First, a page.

Pape’s Tops in Pops

Pape’s Tops in Pops

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Pape’s Tops in Pops

Bill Pape making the rounds in his Mack delivery truck.

As we learned in last month’s article, in 1904, Ernest F. Pape bought out two existing bottling works in Reedsburg and combined the operation into one business.

According to Bill Pape Jr., in a 1998 interview, the original pop factory used huge wheels on shafts from which belts were strung to each machine. When he worked there in the early 1950s, only the carbonation machine used the belt system.

The bottling machine could fill 30 bottles a minute and was hand operated. Three bottles were filled at one time, inspected for foreign objects, a crown put on and the bottle placed in a case. Each bottle was also inspected for cracks, “It wasn’t too bad with the 8 oz. bottles, if they exploded, but with the 32 oz. bottles, occasionally when they’d explode it would be like a hand grenade going off. Anyone, including myself, would occasionally go home wounded from an exploding bottle.” He said that if purple hearts were given out for wounds, he would have had a whole wall full of them, and his dad would have had a house full.

Pape recalled that during World War II, since the power plant was in full operation and the country had just come out of the depression, people had more money to buy luxuries like pop, and business was booming.

However, with the war on and the shortage of sugar, Pape invented a sugarless pop. “It was the most terrible tasting pop in the world,” recalled Bill Jr., “but everybody else was making terrible tasting pop too, because they couldn`t get sugar either.”

Pape also recalled the fun of delivering pop to grocery stores and taverns. “When we’d go down into the basements there would be rats running around the walls and floors. I’m not talking little ones, I’m talking rats that could pick you up and carry you away if they wanted. So we’d sit there and throw empty pop bottles at them. Of course the bottles would break, so my dad told us we’d have to use Coke bottles, they were our biggest competitor. I’m sure that when the Coke drivers went down there, they threw our bottles at the rats.”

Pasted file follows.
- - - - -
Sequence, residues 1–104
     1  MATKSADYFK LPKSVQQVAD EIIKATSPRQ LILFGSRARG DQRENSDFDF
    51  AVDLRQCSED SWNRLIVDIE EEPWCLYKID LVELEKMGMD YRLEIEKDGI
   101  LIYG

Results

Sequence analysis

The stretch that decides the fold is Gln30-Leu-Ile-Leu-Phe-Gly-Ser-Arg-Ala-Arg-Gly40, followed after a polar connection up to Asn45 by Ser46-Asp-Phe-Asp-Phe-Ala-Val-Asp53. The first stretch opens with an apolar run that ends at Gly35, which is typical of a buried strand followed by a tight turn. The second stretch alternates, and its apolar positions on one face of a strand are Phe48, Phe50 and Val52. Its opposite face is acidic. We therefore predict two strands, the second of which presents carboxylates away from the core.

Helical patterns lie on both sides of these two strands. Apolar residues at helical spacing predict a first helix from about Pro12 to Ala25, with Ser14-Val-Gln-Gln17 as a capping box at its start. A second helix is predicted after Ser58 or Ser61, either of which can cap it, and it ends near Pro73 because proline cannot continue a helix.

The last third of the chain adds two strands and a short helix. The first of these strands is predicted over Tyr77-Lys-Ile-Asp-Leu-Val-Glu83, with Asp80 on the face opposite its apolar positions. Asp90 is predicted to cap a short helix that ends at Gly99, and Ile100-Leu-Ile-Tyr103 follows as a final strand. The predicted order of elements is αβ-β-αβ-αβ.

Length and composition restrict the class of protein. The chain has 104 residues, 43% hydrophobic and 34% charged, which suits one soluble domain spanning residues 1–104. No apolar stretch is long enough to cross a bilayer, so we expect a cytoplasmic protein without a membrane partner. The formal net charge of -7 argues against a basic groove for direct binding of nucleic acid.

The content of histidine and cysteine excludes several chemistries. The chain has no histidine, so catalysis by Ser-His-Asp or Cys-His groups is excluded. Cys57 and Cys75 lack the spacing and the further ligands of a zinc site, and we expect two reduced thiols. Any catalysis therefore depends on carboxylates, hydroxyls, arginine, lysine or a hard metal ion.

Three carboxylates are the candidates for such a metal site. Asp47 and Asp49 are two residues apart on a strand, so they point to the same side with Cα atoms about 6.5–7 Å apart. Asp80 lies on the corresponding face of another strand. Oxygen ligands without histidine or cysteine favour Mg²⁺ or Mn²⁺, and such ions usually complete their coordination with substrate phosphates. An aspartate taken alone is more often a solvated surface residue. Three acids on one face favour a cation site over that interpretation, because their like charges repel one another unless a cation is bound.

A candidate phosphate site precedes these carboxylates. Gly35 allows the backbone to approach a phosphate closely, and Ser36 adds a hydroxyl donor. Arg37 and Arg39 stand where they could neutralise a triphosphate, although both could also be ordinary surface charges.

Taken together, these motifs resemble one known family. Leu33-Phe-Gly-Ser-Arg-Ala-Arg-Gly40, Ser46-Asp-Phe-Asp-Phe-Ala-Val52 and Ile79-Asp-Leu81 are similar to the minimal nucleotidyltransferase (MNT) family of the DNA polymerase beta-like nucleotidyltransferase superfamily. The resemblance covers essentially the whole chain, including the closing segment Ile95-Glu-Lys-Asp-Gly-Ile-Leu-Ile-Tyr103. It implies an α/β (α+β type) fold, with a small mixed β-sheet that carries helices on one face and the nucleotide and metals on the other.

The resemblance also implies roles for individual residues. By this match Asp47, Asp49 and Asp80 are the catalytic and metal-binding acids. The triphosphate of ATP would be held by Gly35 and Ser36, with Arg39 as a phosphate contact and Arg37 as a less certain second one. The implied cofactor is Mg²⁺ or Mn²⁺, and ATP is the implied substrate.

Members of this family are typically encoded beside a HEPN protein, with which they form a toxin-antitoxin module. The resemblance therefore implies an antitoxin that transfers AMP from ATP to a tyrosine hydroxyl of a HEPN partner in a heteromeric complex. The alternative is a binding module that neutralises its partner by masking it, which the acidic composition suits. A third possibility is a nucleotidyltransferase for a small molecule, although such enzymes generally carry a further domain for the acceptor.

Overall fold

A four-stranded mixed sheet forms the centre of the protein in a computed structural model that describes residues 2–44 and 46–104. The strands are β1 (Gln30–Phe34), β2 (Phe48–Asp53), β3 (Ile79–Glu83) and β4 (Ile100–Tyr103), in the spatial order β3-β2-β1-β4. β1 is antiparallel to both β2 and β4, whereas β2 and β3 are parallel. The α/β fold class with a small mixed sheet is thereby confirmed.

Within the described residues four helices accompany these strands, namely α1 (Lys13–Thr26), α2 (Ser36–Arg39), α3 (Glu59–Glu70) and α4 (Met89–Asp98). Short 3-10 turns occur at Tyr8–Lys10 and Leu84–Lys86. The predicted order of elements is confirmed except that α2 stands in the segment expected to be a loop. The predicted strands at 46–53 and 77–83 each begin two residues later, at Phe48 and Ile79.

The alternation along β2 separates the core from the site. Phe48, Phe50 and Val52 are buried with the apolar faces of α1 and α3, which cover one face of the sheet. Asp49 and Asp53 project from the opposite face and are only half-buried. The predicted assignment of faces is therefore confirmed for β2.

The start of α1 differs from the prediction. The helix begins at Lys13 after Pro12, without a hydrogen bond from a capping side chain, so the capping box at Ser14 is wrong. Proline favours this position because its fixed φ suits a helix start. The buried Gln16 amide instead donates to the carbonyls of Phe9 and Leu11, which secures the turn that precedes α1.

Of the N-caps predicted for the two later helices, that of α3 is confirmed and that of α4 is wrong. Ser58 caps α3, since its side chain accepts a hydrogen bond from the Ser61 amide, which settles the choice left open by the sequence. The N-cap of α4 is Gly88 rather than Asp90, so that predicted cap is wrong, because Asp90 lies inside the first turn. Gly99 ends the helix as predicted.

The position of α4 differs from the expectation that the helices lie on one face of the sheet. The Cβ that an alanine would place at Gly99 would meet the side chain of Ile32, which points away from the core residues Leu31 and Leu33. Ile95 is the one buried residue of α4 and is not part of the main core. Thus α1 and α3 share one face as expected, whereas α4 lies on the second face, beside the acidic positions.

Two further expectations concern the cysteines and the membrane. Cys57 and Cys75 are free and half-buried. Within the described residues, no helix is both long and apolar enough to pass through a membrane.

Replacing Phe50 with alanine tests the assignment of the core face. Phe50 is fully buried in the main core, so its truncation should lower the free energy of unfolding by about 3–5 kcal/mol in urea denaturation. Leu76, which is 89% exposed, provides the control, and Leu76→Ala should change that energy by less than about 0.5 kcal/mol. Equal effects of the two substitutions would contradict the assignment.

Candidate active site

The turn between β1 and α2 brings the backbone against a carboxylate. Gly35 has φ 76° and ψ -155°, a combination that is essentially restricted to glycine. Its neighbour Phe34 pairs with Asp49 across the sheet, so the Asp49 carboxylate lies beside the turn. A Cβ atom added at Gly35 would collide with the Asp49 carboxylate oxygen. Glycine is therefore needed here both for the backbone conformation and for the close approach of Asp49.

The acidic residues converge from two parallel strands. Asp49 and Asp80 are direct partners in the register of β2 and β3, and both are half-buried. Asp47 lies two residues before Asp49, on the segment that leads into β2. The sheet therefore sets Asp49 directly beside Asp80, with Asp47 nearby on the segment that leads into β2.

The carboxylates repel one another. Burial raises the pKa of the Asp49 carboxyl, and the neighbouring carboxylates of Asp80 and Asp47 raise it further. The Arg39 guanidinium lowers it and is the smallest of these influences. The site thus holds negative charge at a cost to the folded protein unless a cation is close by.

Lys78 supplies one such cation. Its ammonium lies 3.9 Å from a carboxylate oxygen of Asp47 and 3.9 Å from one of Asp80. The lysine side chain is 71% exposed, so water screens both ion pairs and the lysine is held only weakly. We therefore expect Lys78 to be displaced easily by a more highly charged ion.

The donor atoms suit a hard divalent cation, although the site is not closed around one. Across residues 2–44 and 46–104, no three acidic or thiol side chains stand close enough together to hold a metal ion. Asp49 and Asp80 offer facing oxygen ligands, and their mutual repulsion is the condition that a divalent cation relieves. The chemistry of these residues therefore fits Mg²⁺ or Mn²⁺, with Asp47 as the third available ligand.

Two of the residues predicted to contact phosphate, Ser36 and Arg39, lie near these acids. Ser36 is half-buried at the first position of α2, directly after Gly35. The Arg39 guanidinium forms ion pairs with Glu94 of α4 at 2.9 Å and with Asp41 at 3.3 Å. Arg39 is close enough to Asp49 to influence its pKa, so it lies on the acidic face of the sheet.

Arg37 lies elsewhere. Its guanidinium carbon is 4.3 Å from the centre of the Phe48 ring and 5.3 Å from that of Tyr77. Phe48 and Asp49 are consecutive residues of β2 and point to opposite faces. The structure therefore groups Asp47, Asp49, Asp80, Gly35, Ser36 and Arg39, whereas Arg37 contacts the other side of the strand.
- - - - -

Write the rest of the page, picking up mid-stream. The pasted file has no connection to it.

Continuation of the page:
One way him and his friends made a few extra bucks during the summer in the late 1940s and ’50s, was by selling pop to spectators at the local baseball games. “We would take down big tubs filled with ice and bottles. Then we’d go up through the stands and sell pop. After the game was over, we’d have to collect the empties. We made some pretty good money when a popular team played.”

When the House of David team came, that old ball park was just jammed. “I doubt that I ever got above the fourth row,” said Bill. “We sold out the truck twice and could have sold more. We each ended up clearing $30 or $40, which was a fortune at the time.”

He said that mom and pop soda factories were abundant in the area in those years. There were factories at Baraboo, Portage, Mauston, Richland Center and New Lisbon. As new technology allowed the production of cheap, throw-away aluminum cans, the small factories couldn’t afford to upgrade and most went out of business.

Bill Pape retired in 1974, due, in part, to the fact that competition and pricing were eclipsing his production. “A company can ship its product all over the country and not have to worry about how they are going to get the bottles back for re-filling,” said Pape. “People would rather throw the cans away than return empty bottles.”

Bill Schuette has served on the board of directors at the Sauk County Historical Society since 1993. He lives in rural Loganville.

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